Doughnut hole dog attacks continuePosted: Updated:
PASCO, Wash. -- NBC Right Now continues to follow the safety of a questionable situation in Pasco.
Eight months ago, KNDU told you about a woman who was attacked by a stray dog inside an un-incorporated part of the city.
At the time, there were no leash laws or animal control for the county. Now, we've learned the woman's neighbor has also been attacked by a different dog.
"It's unbelievable, I think it's absolutely outrageous," explains Lara Neiffer who is angered by photos of her friends recent dog bites.
Neiffer friend and neighbor didn't want to talk about the incident on Tuesday when a unrestrained dog bit her while riding her bike here at Road 44 and Wernett road.
"I was really upset, I know how terrifying, absolutely terrifying it is to have a dog attack you. It's so scary that you're unable to do anything about it," says Neiffer.
The unincorporated area doesn't have animal control service like the City of Pasco. The only option is the Franklin County Sheriff's office which only responds to dangerous or potentially dangerous dogs.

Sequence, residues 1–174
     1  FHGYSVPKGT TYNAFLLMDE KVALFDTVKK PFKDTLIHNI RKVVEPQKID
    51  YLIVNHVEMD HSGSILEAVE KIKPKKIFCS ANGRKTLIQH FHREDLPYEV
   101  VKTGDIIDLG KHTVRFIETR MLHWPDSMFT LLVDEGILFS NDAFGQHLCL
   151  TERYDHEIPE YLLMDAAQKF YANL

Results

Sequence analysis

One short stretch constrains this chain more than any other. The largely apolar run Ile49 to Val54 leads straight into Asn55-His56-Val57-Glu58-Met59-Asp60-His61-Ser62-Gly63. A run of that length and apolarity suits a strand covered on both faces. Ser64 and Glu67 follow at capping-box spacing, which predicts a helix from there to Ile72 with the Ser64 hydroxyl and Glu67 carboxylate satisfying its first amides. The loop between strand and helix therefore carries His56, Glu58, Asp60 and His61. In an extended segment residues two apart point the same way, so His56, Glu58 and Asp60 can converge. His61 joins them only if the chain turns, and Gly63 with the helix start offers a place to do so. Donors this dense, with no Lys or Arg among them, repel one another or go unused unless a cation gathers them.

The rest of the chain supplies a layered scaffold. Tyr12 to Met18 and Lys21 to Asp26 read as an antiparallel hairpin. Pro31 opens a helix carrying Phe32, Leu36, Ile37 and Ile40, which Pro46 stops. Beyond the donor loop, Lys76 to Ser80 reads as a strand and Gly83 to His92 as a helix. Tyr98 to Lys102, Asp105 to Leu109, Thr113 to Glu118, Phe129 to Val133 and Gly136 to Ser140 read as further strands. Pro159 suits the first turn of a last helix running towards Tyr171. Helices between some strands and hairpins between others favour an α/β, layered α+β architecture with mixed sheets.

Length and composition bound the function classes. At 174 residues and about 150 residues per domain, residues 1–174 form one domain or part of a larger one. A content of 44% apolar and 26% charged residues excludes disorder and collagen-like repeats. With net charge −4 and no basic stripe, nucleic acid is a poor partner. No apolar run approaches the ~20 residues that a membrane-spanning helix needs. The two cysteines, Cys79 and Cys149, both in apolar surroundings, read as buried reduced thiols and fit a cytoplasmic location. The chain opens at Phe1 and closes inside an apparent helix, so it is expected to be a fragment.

The Tri-Cities Animal Shelter receives calls almost every day from people inside the doughnut hole. "It's very difficult because we're all around it, we surround the doughnut hole. And so trying to get resolution to problems it's very different because you have two entities trying to work together to get those resolutions," explains shelter director Angela Zilar.
No one from the county wanted to talk on camera, but officials I talked to said the reason for no leash laws or a larger animal control is based on lack of money and how rural the county is.
But Neiffer, who lives in the doughnut hole, isn't buying it, "I don't consider that rural, and the cost of it what are we talking about? the cost of what? Are we going to wait until a kid dies until somebody is mauled? What are we waiting for to make this a priority for this city?"
The sheriff's office says there have been three attacks against people since February. That office only has a $2,000.00 dollar budget to deal with animal control, and again that only covers dangerous and potentially dangerous dogs.